aside President Approached AG Sessions About Closing Case Against Sheriff Arpaio

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“We the people” are fully aware that the republican President Donald Trump believes that he is not bound to abide by the rule of law as most of us are. It appears that he had been intending all along to pardon his buddy, Sheriff Joe Arpaio if he ended up being convicted.

Here is the rest of the story…

On August 26, 2017, Philip Rucker and Ellen Nakashima of the Washington Post penned the following report, “Trump asked Sessions about closing case against Arpaio, an ally since ‘birtherism.’


“As Joseph Arpaio’s federal case headed toward trial this past spring, President Trump wanted to act to help the former Arizona county sheriff who had become a campaign-trail companion and a partner in their crusade against illegal immigration.”


“The president asked Attorney General Jeff Sessions whether it would be possible for the government to drop the criminal case against Arpaio, but was advised that would be inappropriate, according to three people with knowledge of the conversation.”

“After talking with Sessions, Trump decided to let the case go to trial, and if Arpaio was convicted, he could grant clemency.”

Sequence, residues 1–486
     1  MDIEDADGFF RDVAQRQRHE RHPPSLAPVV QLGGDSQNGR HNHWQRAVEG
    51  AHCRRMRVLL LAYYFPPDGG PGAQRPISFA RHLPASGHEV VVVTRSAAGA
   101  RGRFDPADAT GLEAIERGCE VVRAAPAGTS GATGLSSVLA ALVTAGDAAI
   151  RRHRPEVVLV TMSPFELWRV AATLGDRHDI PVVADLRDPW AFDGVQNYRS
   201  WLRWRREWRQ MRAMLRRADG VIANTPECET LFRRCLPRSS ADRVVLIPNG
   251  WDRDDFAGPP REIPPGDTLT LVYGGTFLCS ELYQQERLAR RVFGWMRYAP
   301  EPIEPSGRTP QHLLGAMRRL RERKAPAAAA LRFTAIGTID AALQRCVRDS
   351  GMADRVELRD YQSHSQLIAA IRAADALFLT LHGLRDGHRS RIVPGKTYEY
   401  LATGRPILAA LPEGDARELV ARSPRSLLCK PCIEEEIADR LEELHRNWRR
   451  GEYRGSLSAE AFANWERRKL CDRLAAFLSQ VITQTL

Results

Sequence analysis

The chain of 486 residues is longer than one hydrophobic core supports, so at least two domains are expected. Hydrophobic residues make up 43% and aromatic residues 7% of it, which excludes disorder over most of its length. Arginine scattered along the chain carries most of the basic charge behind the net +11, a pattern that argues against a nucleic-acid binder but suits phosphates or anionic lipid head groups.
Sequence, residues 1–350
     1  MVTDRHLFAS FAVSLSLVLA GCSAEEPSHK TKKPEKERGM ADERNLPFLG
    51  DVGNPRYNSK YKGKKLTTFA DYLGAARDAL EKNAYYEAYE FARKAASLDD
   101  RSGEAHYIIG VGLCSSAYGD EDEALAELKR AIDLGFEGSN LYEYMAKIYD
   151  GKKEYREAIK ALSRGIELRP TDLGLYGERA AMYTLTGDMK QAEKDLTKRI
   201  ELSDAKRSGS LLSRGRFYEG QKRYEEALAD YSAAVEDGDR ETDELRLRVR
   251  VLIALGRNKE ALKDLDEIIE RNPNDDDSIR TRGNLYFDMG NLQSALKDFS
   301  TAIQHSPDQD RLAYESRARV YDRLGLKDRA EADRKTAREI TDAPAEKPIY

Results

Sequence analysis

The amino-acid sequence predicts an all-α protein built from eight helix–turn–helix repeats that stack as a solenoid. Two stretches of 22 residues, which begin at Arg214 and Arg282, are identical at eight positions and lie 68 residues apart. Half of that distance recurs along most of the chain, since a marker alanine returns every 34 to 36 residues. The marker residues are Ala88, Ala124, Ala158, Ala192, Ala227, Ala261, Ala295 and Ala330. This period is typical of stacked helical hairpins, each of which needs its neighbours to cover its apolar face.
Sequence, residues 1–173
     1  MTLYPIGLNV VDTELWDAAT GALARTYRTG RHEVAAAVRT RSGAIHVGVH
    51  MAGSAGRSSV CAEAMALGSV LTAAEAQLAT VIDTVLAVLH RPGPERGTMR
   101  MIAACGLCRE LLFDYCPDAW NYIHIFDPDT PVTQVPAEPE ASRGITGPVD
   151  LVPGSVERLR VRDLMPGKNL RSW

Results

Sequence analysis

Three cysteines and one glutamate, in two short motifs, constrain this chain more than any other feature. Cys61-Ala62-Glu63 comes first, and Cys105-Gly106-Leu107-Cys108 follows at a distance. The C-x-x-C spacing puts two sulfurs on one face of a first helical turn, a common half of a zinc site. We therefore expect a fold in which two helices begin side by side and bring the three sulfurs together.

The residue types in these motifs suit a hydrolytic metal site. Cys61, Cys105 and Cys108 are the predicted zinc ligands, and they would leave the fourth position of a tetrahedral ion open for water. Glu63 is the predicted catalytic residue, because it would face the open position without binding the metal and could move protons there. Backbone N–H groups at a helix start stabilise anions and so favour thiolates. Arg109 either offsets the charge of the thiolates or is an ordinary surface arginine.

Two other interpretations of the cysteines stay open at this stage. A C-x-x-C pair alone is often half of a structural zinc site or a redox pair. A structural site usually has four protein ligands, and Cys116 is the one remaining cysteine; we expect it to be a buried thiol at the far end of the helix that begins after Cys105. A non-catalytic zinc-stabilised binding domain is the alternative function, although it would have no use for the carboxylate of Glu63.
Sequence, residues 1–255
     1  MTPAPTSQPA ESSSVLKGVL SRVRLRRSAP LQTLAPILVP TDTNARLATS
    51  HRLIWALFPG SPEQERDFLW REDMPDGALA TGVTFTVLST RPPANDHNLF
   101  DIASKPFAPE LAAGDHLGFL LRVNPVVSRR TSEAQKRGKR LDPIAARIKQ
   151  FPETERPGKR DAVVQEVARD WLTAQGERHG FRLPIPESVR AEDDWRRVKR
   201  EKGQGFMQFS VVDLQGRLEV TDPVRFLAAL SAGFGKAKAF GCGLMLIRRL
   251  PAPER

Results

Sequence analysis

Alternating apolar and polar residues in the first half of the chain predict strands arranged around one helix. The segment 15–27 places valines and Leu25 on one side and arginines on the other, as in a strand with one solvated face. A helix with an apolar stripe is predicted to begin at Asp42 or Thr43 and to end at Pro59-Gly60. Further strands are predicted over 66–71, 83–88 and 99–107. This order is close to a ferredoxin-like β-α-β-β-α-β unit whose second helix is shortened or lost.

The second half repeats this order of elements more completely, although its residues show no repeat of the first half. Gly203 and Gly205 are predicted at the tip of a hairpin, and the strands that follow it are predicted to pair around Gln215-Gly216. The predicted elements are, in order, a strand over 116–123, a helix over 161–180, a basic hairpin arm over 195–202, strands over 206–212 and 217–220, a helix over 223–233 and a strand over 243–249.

“So the president waited, all the while planning to issue a pardon if Arpaio was found in contempt of court for defying a federal judge’s order to stop detaining people merely because he suspected them of being undocumented immigrants. Trump was, in the words of one associate, “gung-ho about it.”

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“Responding to questions about Trump’s conversation with Sessions, White House press secretary Sarah Huckabee Sanders said, “It’s only natural the president would have a discussion with administration lawyers about legal matters. This case would be no different.”

“Trump’s Friday-evening (8/25/17) decision to issue his first pardon for Arpaio was the culmination of a five-year political friendship with roots in the “birther” movement to undermine President Barack Obama. In an extraordinary exercise of presidential power, Trump bypassed the traditional review process to ensure that Arpaio, who was convicted of contempt of court, would face no time in prison.”

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“Trump’s pardon, issued without consulting the Justice Department, raised a storm of protest over the weekend, including from some fellow Republicans. His effort to see if the case could be dropped showed a troubling disregard for the traditional wall between the White House and the Justice Department, and taken together with similar actions could undermine respect for the rule of law, experts said.”

“Arpaio faced up to six months in prison and was due to be sentenced in October. During his 23 years as Maricopa County sheriff, Arpaio was a lightning rod, in part because of his aggressive crackdown on illegal immigrants. He also was accused of racial profiling, failure to investigate sex crimes, poor treatment of prisoners and other instances of police misconduct.”